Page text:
Harry Corscadden Award
The Harry Corscadden Award for Outstanding Service to the Club is a Club Award first introduced by President Brian Clements at the Club Assembly 20 June 2011. Introducing the Award, President Brian stated that Harry Corscadden was an outstanding member of this Club who joined in 1959. He died in his 101st year having been a member for nearly fifty years and was responsible for setting up Harmony Community Trust and Glebe House as highlighted in this website. Quietly dignified and hard-working he was the epitome of all that is good within Rotary (see below). It is therefore an award which Council do not give lightly and try to seek a worthy recipient who the Club feel shares Harry's ideals and high ethical standards. More below.
The Corscadden family are delighted to have the Outstanding Service Award in the name of Harry Corscadden and, very generously, have funded the Award for 5 years. click on Award image to enlarge
The Harry Corscadden Award for Outstanding Service to the Club 2014 has been awarded to Walter Rader in recognition of his exceptional work with Youth Action. He developed, with Eric Rainey, a unique partnership with Youth Action producing a resource pack for those young people trapped with no skills, education and no job opportunities (more here). Accepting the Award, Walter thanked the Club stating he was delighted with the links formed, noting that he was passionate about young people, their role in society and how Rotary can help. He feels young people just need encouragement and this partnership is a perfect example of Service Above Self. He also stated that he was delighted that so many members were getting involved.
The Harry Corscadden Award for Outstanding Service to the Club 2013 was been awarded to Honorary Secretary Ivan McMinn for his outstanding achievement in raising over £70,000 by running in the London Marathon, 21 April 2013.
The inaugural award was presented to Jenny Boyd (wife of PP David) for "tirelessly working on the website, weekly report and other Club publications".
PP Dr Harry Corscadden LLd 1907-2008
A thoughtful and caring man greatly respected by all fortunate enough to know him and by many who never met him.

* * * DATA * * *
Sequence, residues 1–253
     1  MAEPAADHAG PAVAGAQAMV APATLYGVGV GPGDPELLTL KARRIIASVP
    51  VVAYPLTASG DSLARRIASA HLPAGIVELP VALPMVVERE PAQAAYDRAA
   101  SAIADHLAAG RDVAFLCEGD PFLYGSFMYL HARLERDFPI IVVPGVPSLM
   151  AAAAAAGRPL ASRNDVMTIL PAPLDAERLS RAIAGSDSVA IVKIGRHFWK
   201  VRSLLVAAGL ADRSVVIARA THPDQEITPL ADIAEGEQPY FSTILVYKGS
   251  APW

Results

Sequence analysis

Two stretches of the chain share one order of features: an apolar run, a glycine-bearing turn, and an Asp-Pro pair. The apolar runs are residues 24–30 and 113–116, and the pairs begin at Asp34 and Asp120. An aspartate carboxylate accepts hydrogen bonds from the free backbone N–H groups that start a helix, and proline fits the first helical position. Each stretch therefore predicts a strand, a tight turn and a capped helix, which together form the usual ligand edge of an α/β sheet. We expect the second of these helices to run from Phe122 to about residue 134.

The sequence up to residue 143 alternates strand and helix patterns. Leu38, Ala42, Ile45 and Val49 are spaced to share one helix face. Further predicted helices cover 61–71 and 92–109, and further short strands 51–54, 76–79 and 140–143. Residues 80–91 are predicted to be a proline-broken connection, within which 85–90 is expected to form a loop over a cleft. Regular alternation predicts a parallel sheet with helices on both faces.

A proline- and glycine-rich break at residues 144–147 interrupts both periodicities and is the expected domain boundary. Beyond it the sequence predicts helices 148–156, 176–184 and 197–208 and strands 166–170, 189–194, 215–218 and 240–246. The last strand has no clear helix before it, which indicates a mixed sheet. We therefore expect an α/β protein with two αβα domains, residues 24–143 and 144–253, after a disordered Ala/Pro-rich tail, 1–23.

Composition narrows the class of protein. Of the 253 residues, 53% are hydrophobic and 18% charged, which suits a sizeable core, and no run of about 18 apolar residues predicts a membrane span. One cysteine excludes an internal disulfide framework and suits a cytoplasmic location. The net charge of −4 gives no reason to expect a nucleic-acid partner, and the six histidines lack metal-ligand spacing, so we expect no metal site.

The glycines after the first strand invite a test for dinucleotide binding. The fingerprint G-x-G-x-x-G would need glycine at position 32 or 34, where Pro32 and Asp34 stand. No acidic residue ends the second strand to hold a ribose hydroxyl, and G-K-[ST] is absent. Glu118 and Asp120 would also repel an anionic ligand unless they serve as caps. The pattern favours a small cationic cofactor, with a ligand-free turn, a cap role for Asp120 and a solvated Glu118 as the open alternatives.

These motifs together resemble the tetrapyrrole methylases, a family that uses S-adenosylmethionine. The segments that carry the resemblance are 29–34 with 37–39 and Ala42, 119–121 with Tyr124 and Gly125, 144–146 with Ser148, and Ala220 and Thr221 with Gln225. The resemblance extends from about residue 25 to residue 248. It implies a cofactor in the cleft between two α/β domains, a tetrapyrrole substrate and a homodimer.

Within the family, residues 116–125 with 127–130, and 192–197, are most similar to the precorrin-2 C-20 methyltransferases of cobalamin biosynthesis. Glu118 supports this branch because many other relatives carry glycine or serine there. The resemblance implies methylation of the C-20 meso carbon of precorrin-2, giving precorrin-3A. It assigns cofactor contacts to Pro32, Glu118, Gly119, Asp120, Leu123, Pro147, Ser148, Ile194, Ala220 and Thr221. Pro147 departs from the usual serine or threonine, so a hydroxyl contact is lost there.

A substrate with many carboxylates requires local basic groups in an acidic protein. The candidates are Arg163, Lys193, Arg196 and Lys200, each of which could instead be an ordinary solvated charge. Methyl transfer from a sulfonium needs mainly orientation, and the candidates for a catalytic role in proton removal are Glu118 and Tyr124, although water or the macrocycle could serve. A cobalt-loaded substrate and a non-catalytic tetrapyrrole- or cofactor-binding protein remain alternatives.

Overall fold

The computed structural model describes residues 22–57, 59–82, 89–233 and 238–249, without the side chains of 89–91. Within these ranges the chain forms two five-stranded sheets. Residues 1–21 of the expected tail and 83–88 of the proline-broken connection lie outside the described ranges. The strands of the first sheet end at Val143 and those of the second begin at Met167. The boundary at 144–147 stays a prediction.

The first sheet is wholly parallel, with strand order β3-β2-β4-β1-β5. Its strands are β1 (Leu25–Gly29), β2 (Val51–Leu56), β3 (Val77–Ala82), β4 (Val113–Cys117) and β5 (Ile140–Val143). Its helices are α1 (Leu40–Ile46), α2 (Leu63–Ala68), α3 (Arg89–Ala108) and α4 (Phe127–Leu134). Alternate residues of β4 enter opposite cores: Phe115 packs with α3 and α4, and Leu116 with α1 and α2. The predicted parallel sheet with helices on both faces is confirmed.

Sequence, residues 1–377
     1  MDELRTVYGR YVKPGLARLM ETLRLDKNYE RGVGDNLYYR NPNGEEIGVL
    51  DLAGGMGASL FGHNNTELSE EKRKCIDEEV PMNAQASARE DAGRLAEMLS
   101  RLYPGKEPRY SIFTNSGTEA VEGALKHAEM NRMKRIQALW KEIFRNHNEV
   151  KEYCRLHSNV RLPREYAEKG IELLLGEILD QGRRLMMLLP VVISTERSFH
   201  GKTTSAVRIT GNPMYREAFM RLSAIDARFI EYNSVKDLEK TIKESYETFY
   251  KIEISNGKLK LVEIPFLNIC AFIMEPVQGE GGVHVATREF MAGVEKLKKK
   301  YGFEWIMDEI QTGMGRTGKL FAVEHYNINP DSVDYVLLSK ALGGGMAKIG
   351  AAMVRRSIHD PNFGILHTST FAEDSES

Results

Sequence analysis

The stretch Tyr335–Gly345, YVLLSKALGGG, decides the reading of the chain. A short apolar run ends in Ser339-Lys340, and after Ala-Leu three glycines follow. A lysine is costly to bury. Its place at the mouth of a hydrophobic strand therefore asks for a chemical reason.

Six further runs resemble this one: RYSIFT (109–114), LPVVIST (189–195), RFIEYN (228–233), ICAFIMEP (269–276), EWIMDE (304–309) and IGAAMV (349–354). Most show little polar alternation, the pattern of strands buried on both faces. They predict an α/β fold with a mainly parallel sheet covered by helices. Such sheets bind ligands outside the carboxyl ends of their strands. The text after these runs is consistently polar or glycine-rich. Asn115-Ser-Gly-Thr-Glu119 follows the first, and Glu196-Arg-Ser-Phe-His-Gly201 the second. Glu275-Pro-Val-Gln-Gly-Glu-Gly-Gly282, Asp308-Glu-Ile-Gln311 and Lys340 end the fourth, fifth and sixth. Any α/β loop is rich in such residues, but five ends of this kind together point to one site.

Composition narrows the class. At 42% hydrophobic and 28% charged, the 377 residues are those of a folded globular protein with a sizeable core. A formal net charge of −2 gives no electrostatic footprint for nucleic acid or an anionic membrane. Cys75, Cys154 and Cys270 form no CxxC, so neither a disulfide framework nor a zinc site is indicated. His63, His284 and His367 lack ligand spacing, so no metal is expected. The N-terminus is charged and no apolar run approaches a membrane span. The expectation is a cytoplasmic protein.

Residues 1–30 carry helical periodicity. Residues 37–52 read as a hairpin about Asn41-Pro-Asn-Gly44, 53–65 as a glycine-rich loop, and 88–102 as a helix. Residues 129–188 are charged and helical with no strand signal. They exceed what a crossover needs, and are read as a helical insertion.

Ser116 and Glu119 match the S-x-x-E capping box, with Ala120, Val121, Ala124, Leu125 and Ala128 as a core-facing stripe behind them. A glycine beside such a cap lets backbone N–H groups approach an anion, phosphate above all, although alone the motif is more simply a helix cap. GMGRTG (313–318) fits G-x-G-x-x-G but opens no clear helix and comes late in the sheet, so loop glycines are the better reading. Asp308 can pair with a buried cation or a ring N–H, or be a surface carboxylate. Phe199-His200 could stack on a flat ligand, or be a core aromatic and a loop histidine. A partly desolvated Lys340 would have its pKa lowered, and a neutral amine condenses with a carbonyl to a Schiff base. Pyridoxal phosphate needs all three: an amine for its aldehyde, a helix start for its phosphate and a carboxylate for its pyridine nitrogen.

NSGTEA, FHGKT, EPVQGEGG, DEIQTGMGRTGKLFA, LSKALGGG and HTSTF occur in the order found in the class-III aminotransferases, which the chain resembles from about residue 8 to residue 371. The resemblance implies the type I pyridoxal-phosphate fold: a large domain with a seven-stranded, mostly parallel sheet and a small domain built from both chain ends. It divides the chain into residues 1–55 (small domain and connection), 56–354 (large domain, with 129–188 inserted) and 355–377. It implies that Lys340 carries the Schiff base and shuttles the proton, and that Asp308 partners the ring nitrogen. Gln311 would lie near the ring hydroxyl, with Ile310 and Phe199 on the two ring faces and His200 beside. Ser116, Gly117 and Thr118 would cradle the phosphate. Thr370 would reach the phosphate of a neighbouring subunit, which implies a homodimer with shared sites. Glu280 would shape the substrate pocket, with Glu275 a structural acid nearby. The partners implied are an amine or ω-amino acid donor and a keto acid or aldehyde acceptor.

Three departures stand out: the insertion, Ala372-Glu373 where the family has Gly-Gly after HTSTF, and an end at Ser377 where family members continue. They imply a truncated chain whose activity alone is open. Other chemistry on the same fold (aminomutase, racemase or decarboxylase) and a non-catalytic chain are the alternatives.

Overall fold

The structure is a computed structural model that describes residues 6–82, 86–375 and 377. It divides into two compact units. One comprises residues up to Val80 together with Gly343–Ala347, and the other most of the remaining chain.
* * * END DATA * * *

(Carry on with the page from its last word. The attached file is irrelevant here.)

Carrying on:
Harry Corscadden was born in Dromad, Co Leitrim on 4th May 1907, and lived in Mohill until 1922, when at the outbreak of the civil war in Ireland, his father, who had been the crown solicitor in Co. Leitrim, was forced to leave his home. Moving North, the family stayed for a while in Belfast whilst his father sought work, eventually joining a law practice in Ballymoney. He later became the Chief Crown Solicitor in Northern Ireland and was awarded a C.B.E.
Harry went to Portora Royal School in Enniskillen where he was a brilliant student, winning a Junior Scholarship in 1923. His name appears on the honours board in the school on the same panel as other notable men including Henry Francis Lyte, author of some well known hymns including 'Abide With Me' and Oscar Wilde, (whose name reputedly is in brighter gold lettering as it was in turn removed and then reinstated depending upon his public acceptance). Also on the scholarship board is Harry's contemporary at Portora ~ Samuel Beckett. Harry also enjoyed his sport at school and played for the rugby team. He claimed he once had the job of marking Frank Hewitt the only international to play for Ireland whilst still at school! After taking his degree at Trinity College, Dublin in 1928 Harry joined J K Currie & Son, a firm of solicitors in Ballymena. In 1931 he gained the silver medal and first place in the final examination of the Incorporated Law Society and in the same year was awarded his doctorate in Law. But failing to get an assurance of a future partnership in the firm he left and took up a post in the Civil Service, where he met and eventually married Joyce Wolf.
In 1940, taking a reduction in salary, he joined the Ulster Bank as assistant solicitor, becoming a director in 1953 and senior managing director from 1964 until his retirement in 1973. Outside the bank Harry played an active role in the community becoming involved in a large number of organisations. At various times he has served the community as Chairman of the Northern Ireland branch of the Institute of Directors and chairman of the Northern Ireland Chamber of Commerce. He also was a member of the Police Authority in Northern Ireland, the Post Office Users Council, The Marriage Guidance Council, The General Health Services Board and also served on the General, and other Synods of the Church of Ireland. When he was about 7 or 8 he was asked what he would like to be when he grew up and he answered 'A solicitor and a Mason', which he achieved at an early stage (and only just in that order!) thus starting a long involvement with the Masonic Order, rising to a high degree, and remaining active until his death.
In 1959 Harry was introduced to Rotary by Dr George Little when he joined the Rotary Club of Belfast. He became President of the Club in 1973-74 at the height of the troubles and was instrumental in the establishment of the Harmony Community Trust, one of the first of the organisations in Northern Ireland to bring together young people from the different communities. This was a project very close to Harry's heart and he kept an ongoing interest in the work of the Trust and was a frequent visitor, the last time being in September 2008. (for further information on Harmony Community Trust and Harry's involvement
He remained to the end of his life a very active and interested honorary member of the Club, attending the Christmas Lunch meeting less than a week before his death.
Harry was a Paul Harris Fellow and for his ongoing commitment to Rotary he was awarded an addition of a Sapphire pin, presented by District Governor Howard Caskie, on the occasion of his 100th birthday celebrations.
Harry died on 21st December 2008 he is sadly missed.